Somerset County Public Health Profile Report
Fecal Coliform or E. coli in Private Wells: Percent of Wells with Fecal Coliform or E. Coli Detected, September 2002 through December 2018
Somerset4.3 95% Confidence IntervalNADescription of the Confidence IntervalThe confidence interval indicates the range of probable true values for the level of risk in the community.
A value of "NA" (Not Available) will appear if the confidence interval was not published with the NJSHAD indicator data for this measure.
State NA U.S. NANA=Data not available.
Somerset Compared to State
Description of Gauge
Description of the GaugeThis graphic is based on the county data to the left. It compares the county value of this indicator to the state overall value.
The county value is considered statistically significantly different from the state value if the state value is outside the range of the county's 95% confidence interval. If the county's data or 95% confidence interval information is not available, a blank gauge image will be displayed with the message, "missing information."NOTE: The labels used on the gauge graphic are meant to describe the county's status in plain language. The placement of the gauge needle is based solely on the statistical difference between the county and state values. When selecting priority health issues to work on, a county should take into account additional factors such as how much improvement could be made, the U.S. value, the statistical stability of the county number, the severity of the health condition, and whether the difference is clinically significant.
- Excellent = The county's value on this indicator is BETTER than the state value, and the difference IS statistically significant.
- Watch = The county's value is BETTER than state value, but the difference IS NOT statistically significant.
- Improvement Needed = The county's value on this indicator is WORSE than the state value, but the difference IS NOT statistically significant.
- Reason for Concern = The county's value on this indicator is WORSE than the state value, and the difference IS statistically significant.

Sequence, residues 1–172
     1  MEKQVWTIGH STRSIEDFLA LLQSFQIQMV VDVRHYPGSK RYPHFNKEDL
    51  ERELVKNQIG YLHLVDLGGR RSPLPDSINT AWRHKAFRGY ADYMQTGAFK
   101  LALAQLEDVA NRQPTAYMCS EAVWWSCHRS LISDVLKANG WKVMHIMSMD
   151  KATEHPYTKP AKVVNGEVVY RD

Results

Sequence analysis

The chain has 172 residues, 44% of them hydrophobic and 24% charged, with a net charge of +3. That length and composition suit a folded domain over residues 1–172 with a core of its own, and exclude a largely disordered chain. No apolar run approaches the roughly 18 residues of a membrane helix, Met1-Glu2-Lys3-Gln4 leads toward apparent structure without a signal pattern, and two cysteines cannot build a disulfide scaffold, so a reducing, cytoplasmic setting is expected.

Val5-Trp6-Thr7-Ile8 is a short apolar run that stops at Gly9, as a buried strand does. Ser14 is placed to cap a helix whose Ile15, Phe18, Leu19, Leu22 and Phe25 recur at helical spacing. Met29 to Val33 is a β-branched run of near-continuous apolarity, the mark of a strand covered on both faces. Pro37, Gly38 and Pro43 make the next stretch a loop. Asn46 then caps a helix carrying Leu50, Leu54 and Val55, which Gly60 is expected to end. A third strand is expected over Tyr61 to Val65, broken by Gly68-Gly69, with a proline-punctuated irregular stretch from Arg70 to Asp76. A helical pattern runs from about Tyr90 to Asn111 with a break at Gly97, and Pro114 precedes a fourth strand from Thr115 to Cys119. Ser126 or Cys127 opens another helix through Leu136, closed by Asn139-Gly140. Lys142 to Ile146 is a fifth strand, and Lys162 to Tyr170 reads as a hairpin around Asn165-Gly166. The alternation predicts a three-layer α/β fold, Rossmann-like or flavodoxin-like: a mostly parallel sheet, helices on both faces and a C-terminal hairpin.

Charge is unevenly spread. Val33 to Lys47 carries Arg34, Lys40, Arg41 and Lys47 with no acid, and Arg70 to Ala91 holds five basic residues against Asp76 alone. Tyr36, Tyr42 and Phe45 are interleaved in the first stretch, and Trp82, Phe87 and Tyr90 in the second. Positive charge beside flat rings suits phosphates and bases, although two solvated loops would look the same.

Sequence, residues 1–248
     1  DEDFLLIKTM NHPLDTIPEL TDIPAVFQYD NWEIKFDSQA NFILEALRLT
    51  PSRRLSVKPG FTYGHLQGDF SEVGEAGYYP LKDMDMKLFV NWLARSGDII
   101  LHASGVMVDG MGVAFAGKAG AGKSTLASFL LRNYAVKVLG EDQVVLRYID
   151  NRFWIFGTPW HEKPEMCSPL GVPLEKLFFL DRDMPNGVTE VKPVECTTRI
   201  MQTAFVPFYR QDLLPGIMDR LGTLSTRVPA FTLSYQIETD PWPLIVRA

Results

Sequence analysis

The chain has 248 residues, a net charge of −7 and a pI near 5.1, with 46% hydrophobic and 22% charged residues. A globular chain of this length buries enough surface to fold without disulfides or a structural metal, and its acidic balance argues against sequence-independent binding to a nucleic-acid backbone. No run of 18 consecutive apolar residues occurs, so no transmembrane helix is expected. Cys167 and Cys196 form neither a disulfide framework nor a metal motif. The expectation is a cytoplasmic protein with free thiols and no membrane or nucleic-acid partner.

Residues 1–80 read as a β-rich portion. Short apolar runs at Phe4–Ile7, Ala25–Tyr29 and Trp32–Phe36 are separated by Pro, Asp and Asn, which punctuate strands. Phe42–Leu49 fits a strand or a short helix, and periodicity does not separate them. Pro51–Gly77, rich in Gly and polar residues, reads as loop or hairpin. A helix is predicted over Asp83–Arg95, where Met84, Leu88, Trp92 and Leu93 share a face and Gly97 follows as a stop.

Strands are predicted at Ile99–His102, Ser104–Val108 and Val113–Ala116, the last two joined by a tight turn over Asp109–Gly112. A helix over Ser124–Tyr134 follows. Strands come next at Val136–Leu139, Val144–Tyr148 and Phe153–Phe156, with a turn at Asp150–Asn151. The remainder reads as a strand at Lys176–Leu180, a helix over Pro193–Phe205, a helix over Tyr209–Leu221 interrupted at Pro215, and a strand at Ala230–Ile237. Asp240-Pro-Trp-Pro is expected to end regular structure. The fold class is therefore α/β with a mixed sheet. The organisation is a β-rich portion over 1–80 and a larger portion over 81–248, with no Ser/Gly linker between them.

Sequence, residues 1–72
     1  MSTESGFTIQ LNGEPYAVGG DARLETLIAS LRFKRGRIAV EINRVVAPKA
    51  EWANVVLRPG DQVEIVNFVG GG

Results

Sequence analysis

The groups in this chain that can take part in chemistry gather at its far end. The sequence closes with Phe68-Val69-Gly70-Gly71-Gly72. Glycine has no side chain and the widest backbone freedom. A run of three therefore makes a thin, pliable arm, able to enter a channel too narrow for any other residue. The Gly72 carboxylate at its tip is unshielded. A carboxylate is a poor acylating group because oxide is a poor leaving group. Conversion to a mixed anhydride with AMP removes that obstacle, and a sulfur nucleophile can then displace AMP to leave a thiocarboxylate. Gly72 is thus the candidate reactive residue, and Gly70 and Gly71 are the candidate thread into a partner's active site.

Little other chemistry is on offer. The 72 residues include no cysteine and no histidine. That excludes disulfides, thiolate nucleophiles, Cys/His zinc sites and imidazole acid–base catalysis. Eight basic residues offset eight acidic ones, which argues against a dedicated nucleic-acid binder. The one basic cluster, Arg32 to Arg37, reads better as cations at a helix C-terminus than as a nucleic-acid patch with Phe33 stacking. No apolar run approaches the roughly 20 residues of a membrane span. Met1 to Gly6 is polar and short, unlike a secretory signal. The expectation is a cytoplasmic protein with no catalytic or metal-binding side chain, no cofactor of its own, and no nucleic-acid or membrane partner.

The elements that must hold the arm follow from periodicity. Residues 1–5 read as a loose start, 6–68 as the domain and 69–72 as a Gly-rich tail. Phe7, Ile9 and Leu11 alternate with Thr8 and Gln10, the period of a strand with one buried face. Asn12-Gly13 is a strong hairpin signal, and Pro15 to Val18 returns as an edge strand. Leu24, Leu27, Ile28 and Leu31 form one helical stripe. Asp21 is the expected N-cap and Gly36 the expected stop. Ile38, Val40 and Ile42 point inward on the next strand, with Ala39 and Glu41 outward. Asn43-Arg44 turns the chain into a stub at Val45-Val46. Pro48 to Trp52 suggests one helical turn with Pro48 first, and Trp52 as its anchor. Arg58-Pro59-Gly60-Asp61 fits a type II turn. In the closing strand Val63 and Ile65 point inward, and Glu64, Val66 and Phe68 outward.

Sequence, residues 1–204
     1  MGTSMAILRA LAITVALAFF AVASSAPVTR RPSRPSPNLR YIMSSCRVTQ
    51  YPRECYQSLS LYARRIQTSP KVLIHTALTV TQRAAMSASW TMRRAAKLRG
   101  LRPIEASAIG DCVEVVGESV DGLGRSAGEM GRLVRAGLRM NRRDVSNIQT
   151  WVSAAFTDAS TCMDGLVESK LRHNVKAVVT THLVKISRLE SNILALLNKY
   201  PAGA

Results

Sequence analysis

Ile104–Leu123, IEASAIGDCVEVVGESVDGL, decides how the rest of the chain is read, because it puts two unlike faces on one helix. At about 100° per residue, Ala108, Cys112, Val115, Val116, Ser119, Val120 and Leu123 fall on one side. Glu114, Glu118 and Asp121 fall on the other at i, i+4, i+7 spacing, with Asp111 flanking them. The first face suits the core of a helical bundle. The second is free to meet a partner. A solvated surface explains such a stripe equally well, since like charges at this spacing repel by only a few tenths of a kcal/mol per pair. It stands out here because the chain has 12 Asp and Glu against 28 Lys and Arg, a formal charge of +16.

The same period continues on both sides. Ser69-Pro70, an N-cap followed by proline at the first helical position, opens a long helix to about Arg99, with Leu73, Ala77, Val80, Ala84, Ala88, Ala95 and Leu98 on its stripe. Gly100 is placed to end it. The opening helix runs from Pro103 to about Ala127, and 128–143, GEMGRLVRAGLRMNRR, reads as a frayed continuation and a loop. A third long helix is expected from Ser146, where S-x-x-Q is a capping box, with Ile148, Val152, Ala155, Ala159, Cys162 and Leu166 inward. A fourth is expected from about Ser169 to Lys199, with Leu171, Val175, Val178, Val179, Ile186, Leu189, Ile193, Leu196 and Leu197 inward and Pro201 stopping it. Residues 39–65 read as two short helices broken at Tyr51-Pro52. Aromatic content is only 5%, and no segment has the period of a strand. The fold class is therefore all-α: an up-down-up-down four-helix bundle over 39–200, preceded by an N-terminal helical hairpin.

Why Is This Important?Coliform bacteria are organisms that are present in the environment and in the feces of all warm-blooded animals and humans. Coliform bacteria will not likely cause illness. However, their presence in drinking water indicates that disease-causing organisms (pathogens) could be in the water system. Most pathogens that contaminate water supplies come from the feces of humans or animals. Testing drinking water for all possible pathogens is complex, time-consuming, and expensive. It is relatively easy and inexpensive to test for coliform bacteria.
How Are We Doing?Between September 2002 and December 2018, fecal coliform or E. coli was detected in 2.0 % of 111,010 private wells in sampled New Jersey. Fecal coliform or E. coli was most commonly detected in Somerset (4.3% of wells), Sussex (4.2% of wells), Passaic (3.4% of wells), Hunterdon (3.2% of wells), Warren (3.2% of wells), Mercer (2.9% of wells) and Union (2.8% of wells) Counties. Online maps showing detection of fecal coliform or E. coli are available at the county level, municipal level, and for 2 mile by 2 mile grids from NJDEP, [http://arcg.is/1CPkHyC].
What Is Being Done?The New Jersey Private Well Testing Act (N.J.S.A. 58:12A-26 et seq.) became effective in September 2002. The PWTA requires the buyer or the seller of a property to test untreated well water prior to the sale and review the results prior the closing of title. It also requires landlords to test the private well water supplied to their tenants every five years and provide their tenants with a written copy of the results. The data generated by this program are provided to the homeowners by the laboratory performing the analyses and then sent to the New Jersey Department of Environmental Protection (NJDEP). The NJDEP notifies local health agencies when a well within their jurisdiction is tested under the PWTA. The data from the PWTA are used by NJDEP to assess the quality of the water from private wells throughout the state.
Note**Results by county are suppressed when the number of tested wells was less than 10. Denominator is the number of tested private wells. Data Source: NJ Department of Environmental Protection, Division of Water Supply and Geoscience, and Division of Science, Research, and Environmental Health, obtained on March 2, 2020.
Measure Description for Fecal Coliform or E. coli in Private Wells
Definition: Percent of tested private wells with fecal coliform or E. coli detected
Numerator: Number of tested private wells with fecal coliform or E. coli detected
Denominator: Number of tested private wells in a specified period of time